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Greg Prince and Jason Fry
Faith and Fear in Flushing made its debut on Feb. 16, 2005, the brainchild of two longtime friends and lifelong Met fans.

Greg Prince discovered the Mets when he was 6, during the magical summer of 1969. He is a Long Island-based writer, editor and communications consultant. Contact him here.

Jason Fry is a Brooklyn writer whose first memories include his mom leaping up and down cheering for Rusty Staub. Check out his other writing here.

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Bounce in Our Step

Relax, all right? Don’t try to strike everybody out. Strikeouts are boring! Besides that, they’re fascist. Throw some ground balls, it’s more democratic. — Bull Durham

The forecast was ominous: likely rain.

Yeah right.

The raindrops remained at a respectful distance, because they — like the rest of us — wanted to watch Matt Harvey pitch.

This game didn’t have the early crackle of some of Harvey’s “event” showcases — the showdown with Stephen Strasburg that Citi Field stole with its spontaneous “Harvey’s better” chant, or the evisceration of the White Sox, to name but two. But it might have been even more impressive: Harvey mixed his pitches to bewilder the Rockies, getting them to pound ball after ball into the ground. Every few pitches Harvey was turning his head to glance with what seemed like mild curiosity at a ball ticketed for the glove of Quintanilla or Flores, and then he was walking off the mound again. (The game was done in a tidy 2:20, a welcome relief from recent sloggy Metsian miniseries.)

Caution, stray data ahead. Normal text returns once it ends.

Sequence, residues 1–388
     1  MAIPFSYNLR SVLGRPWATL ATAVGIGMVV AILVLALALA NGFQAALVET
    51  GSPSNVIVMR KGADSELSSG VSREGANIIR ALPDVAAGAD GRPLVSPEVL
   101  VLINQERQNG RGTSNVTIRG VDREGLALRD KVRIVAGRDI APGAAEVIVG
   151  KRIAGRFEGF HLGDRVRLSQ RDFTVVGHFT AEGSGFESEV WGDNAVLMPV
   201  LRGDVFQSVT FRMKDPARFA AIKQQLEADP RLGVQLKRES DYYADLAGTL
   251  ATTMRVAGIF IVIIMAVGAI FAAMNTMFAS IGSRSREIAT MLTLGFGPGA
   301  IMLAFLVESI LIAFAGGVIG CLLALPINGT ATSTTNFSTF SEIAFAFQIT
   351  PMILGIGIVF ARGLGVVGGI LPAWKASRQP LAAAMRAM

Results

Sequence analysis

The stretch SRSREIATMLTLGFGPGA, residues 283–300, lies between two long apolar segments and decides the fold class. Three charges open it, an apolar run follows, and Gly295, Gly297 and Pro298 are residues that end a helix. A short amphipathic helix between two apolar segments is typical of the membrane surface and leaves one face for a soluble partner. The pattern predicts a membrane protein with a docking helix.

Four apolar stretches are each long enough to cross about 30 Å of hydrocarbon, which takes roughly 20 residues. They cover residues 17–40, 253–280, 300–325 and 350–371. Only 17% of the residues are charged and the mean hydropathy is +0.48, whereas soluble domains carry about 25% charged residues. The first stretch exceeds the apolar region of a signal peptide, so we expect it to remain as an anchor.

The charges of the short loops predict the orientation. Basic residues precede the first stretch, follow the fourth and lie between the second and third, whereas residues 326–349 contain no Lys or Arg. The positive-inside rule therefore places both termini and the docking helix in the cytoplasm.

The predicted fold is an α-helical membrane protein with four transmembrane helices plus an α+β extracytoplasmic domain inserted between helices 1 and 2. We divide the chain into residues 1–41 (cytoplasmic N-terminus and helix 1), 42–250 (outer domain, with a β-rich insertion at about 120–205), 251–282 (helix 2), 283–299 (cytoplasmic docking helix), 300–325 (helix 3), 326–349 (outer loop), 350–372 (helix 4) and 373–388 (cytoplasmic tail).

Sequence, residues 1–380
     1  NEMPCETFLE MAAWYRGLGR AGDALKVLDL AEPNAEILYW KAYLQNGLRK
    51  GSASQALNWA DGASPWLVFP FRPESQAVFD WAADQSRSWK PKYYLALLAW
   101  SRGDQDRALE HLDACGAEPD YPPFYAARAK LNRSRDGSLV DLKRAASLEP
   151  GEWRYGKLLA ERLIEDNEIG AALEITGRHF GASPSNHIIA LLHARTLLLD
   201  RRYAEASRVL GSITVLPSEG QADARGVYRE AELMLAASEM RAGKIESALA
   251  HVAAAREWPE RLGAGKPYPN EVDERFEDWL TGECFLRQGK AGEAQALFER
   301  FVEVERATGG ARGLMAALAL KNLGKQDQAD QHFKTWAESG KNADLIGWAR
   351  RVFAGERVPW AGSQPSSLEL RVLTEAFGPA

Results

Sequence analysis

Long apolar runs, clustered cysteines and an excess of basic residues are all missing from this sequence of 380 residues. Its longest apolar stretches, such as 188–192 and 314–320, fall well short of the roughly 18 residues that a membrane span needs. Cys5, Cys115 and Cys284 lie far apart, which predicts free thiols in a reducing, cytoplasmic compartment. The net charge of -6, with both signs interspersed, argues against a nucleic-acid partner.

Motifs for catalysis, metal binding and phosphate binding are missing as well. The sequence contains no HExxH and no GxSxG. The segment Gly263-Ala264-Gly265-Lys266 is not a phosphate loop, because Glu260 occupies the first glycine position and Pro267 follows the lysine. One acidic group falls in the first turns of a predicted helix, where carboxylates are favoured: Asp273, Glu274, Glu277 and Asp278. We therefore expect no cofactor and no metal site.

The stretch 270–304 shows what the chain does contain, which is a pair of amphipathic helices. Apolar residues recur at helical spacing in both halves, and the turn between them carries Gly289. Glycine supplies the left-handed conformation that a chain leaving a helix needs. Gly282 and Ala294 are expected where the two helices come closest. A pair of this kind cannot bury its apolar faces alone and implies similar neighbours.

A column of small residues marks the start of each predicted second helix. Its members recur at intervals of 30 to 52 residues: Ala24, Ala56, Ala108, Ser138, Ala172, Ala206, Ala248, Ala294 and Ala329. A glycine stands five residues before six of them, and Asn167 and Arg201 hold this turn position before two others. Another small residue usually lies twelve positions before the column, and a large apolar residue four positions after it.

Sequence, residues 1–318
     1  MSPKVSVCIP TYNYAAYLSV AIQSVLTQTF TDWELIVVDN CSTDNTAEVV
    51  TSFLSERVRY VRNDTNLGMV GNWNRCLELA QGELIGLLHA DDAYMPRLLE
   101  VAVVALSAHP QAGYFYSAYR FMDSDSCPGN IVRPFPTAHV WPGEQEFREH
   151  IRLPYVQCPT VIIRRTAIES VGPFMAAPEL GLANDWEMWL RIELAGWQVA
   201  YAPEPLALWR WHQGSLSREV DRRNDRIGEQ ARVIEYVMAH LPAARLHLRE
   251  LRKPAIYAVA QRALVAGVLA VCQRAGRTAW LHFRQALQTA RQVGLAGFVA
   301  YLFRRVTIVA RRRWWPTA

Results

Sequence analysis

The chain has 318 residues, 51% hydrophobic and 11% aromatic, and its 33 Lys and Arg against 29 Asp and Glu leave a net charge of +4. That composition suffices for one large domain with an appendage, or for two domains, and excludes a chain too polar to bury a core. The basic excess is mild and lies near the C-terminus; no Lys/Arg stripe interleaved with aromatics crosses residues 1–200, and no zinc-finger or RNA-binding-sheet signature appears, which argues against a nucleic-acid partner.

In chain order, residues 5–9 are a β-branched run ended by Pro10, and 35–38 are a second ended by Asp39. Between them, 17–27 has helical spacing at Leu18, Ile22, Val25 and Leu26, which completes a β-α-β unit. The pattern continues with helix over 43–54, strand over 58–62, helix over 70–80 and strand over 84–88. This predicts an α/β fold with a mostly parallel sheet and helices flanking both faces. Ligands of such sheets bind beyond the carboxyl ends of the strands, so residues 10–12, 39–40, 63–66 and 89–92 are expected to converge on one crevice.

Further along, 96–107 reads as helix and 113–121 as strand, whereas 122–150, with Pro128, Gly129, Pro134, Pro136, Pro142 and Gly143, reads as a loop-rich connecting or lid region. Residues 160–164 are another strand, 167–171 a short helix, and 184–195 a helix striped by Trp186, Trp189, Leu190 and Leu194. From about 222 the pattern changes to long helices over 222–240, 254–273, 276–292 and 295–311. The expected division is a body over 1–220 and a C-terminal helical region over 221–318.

And yet while Harvey “only” struck out six, he was basically unhittable — Greg and I got to our seats a bit late, but the only hard-hit ball we saw all night was the one that Charlie Blackmon fired off Harvey’s kneecap with an out to go. (Harvey said it grazed him, which was nonsense, but he shooed Terry Collins and Ray Ramirez away with the Seaverian disdain we’ve come to love.)